In an article about "a brief transit dream" Joseph Popper, staff writer for the Kansas City Star, wrote (2/03/96): "There was once a time when you could board an elegant trolley car in Olathe and, with a single transfer, ride all the way to St. Joseph, 75 miles away. It was easy and cheap back when hundreds of single-car electric trains hurtled across the landscape from one edge of the booming metropolis to the other. It was Kansas City, 1914…"
Articles have told many times the story of the electric rail systems from 80 or 90 years ago in Kansas City. The "Interurbans" were also a thriving industry nation wide, from New England to southern California. This nation’s dependence on gasoline, cars, trucks and even the demand for tires, batteries, and parking spots is a story journalists and historians will write one day with reports of vanished species like the Arctic polar bear.
My essay is about one bridge in Platte County, just within the Kansas City’s northern boundaries, about three miles northeast of the airport, KCI. I certainly hope this is not an Obituary for the old bridge, but most likely it may be.
On NW Interurban Road, Kansas City, Mo., a new two-lane bridge is being builtalongside the existing one-lane RR Bridge used for general traffic over Todd Creek since 1933. This double arched concrete bridge "of the Luten design" itself dates from 1911-12 with the construction of the Kansas City, Clay County and St. Joseph RR. The enterprise was built to Class 1 railroad specifications, with heavy steel rails, ballast, and the finest equipment available. Writers have called it "the monarch" of Kansas City early light-rail systems.
Todd Creek at Interurban Road is one of the most scenic spots remaining in rural Kansas City, Missouri—The Northland. This beautiful waterway is not well known because road traffic narrows down to one lane. Nearby roadside parking is impossible.
To construct the new bridge at Todd Creek, Kansas City public works purchased nearby property for the expanded right-of-way. If someday KC Parks and Recreation creates a park or nature preserve at Todd Creek, which should be done, farmland will also have to be purchased. As long as the old bridge stands, a public foothold exists for any future park. If it is just routinely destroyed, the former RR right-of-way will be private property again. An opportunity is here, lets not let it slip away.
A bridge has been saved in Clay County. At the Martha-Lafite Thompson Nature Sanctuary of Liberty, Missouri, a proud 60-foot single arched bridge looms over Rush Creek. "The McGowen Bridge" was named after Hugh McGowen, a Clay County native, by the Indiana speculators who built the KCCC&StJ. His legacy in transportation was the streetcar network of Indianapolis, and McGowen’s career is of special interest to Missourians. He began his working life as a Kansas City horse-car driver, in the 1870s.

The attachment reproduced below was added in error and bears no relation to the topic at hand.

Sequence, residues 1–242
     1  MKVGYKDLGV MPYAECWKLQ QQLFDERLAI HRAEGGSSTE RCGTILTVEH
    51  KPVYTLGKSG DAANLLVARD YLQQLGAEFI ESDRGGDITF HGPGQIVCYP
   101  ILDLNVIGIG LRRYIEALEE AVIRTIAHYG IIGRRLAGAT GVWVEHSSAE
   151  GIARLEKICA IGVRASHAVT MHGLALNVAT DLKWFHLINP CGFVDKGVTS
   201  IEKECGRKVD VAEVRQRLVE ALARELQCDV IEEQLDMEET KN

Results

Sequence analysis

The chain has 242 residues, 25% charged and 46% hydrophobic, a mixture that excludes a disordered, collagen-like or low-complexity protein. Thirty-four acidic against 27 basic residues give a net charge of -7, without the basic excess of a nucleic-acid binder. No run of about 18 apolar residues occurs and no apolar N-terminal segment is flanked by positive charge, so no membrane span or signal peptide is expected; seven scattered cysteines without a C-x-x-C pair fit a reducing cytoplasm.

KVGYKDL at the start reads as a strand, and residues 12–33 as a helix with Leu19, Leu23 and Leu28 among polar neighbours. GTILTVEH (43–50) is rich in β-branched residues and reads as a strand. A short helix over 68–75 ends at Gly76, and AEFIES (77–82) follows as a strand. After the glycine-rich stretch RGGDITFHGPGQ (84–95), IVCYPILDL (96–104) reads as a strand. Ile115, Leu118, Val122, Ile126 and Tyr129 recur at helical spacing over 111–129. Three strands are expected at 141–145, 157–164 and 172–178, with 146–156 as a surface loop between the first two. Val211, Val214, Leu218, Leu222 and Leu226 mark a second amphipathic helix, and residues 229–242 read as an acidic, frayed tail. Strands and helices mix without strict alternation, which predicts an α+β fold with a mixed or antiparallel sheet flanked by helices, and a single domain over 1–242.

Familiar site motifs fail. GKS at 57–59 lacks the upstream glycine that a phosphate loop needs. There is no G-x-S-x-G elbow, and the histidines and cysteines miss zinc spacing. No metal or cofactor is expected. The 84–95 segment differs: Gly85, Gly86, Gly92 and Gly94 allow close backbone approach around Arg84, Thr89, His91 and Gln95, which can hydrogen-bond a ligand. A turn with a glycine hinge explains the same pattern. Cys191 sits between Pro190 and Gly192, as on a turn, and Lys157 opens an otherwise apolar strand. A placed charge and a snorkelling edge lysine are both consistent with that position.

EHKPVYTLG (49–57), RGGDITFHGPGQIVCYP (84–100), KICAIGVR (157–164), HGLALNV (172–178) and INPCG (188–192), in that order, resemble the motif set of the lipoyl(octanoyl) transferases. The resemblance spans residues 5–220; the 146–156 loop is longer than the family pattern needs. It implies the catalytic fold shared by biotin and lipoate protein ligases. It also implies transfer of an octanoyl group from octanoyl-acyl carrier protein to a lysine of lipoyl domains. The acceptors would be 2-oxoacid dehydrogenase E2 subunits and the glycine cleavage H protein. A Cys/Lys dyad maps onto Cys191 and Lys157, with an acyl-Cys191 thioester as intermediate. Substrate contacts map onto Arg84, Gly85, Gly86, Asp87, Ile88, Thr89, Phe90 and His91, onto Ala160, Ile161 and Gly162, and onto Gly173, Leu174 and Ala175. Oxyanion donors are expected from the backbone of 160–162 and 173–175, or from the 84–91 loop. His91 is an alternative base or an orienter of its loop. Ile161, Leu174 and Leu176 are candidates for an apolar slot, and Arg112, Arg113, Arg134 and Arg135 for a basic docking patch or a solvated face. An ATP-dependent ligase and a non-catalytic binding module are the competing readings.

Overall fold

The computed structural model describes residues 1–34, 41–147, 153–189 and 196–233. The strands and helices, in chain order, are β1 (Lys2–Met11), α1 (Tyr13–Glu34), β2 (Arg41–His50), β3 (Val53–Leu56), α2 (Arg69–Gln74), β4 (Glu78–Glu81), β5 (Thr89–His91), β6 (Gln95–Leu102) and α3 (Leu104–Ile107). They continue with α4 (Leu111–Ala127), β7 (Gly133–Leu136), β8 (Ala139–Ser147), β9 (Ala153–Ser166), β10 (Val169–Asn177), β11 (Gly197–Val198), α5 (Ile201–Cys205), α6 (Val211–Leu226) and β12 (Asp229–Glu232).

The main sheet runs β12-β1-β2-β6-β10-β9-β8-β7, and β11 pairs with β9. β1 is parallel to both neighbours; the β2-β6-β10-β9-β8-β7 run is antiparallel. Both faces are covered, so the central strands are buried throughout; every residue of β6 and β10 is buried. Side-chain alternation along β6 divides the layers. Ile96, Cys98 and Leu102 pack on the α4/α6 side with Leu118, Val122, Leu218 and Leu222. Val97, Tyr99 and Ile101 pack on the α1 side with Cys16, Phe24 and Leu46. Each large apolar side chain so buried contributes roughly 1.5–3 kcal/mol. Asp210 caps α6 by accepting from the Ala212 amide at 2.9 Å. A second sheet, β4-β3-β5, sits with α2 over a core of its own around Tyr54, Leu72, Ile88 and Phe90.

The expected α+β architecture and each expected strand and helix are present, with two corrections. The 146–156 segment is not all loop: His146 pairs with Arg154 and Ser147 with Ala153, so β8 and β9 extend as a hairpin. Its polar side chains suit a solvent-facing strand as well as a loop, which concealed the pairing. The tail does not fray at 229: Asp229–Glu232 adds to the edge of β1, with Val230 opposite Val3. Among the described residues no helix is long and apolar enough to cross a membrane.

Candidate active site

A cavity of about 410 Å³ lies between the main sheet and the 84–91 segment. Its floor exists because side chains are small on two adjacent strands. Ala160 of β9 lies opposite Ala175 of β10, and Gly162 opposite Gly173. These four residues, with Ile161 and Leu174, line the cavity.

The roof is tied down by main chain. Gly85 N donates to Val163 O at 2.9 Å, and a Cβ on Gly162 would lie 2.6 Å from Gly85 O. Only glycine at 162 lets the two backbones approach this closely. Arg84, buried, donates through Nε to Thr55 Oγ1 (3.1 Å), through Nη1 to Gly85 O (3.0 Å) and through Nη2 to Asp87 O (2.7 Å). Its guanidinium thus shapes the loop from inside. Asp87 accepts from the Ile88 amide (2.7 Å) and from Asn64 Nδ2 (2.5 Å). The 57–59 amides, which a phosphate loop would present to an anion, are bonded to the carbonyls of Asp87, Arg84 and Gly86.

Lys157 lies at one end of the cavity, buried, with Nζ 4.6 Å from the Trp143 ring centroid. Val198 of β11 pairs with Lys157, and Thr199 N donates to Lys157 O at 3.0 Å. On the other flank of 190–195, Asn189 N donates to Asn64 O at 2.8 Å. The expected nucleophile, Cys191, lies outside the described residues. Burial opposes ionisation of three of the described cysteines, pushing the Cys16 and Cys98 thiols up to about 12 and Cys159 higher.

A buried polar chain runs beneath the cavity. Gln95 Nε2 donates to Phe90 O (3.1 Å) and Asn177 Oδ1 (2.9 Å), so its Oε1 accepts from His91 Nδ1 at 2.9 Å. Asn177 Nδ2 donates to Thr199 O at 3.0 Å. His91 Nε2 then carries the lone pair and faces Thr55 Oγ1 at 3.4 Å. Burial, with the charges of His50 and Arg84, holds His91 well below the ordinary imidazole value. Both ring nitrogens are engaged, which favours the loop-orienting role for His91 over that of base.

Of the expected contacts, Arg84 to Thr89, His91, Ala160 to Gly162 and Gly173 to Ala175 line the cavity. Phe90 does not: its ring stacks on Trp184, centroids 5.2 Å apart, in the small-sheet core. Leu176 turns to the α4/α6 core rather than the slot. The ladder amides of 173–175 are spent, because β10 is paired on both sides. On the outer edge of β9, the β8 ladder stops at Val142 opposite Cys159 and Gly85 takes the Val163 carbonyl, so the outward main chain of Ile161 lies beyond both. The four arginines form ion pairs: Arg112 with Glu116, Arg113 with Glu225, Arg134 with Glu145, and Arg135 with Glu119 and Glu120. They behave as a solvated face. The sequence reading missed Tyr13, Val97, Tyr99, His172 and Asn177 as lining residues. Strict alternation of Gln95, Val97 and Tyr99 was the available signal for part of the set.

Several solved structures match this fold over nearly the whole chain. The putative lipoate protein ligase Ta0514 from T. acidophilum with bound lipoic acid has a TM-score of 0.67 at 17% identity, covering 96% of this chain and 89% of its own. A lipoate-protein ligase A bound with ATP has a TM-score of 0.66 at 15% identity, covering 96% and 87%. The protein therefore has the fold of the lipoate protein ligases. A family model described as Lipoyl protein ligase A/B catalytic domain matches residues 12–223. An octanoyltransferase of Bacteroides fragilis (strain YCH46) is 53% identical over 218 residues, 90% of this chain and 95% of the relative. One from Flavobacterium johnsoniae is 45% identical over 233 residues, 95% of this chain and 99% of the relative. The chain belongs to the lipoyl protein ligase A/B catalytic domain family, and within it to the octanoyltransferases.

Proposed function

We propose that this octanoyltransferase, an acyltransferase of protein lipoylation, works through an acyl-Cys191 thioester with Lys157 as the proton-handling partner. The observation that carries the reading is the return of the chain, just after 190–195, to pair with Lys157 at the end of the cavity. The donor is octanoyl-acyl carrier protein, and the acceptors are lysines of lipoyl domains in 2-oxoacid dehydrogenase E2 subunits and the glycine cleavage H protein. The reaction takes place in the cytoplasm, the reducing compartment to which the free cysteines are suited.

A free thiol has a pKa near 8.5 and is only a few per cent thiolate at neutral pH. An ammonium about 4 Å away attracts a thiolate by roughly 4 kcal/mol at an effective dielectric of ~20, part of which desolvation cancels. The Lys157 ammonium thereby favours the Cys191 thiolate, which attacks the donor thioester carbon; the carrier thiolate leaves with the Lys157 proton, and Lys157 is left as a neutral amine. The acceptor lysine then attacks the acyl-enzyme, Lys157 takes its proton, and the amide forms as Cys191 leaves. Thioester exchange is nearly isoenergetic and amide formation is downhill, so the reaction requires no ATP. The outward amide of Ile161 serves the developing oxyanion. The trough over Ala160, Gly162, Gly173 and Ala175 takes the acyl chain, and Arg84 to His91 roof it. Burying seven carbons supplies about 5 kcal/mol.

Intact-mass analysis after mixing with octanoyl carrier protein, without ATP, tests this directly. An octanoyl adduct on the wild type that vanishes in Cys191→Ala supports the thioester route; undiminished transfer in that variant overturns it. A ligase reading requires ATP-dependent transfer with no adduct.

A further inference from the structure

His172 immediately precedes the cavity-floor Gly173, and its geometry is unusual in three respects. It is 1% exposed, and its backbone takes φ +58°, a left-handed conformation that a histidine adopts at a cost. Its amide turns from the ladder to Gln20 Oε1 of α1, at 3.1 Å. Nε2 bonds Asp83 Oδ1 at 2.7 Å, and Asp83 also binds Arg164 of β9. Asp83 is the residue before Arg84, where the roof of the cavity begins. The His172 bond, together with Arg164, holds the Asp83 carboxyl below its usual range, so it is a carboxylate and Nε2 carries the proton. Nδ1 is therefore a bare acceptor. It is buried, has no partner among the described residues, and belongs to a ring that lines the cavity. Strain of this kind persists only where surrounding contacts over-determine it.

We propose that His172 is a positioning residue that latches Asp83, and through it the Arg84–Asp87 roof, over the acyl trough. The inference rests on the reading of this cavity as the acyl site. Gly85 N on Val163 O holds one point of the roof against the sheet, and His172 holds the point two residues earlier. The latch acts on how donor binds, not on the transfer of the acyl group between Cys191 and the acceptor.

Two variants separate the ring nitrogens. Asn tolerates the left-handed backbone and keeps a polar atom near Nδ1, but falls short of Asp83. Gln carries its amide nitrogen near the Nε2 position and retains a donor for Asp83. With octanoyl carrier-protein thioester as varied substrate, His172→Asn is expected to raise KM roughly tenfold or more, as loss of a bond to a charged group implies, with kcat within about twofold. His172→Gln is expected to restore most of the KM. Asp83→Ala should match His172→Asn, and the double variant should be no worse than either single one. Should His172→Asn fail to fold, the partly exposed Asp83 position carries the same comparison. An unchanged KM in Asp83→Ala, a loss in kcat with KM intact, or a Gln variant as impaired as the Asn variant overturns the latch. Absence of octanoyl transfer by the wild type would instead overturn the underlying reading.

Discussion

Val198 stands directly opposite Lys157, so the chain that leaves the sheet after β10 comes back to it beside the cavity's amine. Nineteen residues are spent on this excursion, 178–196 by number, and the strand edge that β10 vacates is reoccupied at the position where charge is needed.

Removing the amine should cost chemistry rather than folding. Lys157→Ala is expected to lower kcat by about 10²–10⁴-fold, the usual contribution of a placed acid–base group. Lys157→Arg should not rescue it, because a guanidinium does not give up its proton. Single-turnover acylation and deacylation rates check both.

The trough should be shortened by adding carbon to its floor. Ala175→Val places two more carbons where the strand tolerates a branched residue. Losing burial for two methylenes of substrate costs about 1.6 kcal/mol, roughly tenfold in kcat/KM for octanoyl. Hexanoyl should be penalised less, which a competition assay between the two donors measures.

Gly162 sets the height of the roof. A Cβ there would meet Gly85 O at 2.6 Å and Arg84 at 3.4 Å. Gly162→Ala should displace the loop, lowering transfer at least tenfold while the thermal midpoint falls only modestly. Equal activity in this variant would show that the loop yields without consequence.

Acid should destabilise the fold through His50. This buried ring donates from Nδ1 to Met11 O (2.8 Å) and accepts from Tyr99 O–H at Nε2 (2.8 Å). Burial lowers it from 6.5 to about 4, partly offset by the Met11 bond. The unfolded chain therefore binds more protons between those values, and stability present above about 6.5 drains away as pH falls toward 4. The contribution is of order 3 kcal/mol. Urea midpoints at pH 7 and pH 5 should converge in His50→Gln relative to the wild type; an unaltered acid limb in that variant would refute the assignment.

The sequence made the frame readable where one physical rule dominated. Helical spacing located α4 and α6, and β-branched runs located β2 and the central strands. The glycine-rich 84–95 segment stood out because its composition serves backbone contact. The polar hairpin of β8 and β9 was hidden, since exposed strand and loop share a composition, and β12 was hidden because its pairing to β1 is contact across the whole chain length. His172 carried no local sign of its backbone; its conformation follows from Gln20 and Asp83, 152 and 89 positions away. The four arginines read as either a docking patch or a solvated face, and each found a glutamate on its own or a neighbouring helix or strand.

The new bridge over Todd Creek is now in place. At present, work on the new roadway is preliminary, the majestic old arched bridge is still in use. Here's the rub. A communications officer for Kansas City’s planning department is quoted in the Platte County Citizen, (2/7/07) saying that if the KC&St.J RR bridge is "anywhere near historic we would have been mandated to look into that."
Near historic? The bridge itself should be treasured just as the legendary covered "Bridges of Madison County" are today. To repeat, the practical reason NOT to destroy the bridge is to "inventory" it as the basis for a City Park creek nature preserve.
In retirement, and in use only by bicyclists and strollers, the old bridge can be prettied-up at some future time. But when its gone, its gone forever. Just why is it, America seems so determined to erase from the public consciousness this nation's rail transit history?
Write Kansas City's Mayor Mark Funkhouser—Urgent! Tell him to "Save the Todd Creek Bridge."
June 11, 2007
"It would run eighty miles an hour. You could hear the wires sing as it went down the road. They just sang you a song."
"It was all upholstered inside, you know. It wasn't like a streetcar."
"It was such a thrill to ride it, seemed like it went so fast . . ."
If you were traveling to Kansas City from St. Joseph, Missouri, along Interstate 29 in a car, you would cross, several times, the old rail bed of The Kansas City, Clay County, and St. Joseph Interurban Railway, an electric interurban "light" railroad, that existed from 1913 to 1933. This website offers a look at what you could have seen while the interurban was running and what artifacts you could see now along that railroad bed. Ed Gentry has been documenting, on video, these remains along with interviews of people who rode the train.
Last Updated: June 2007
Webmaster: Deborah Gentry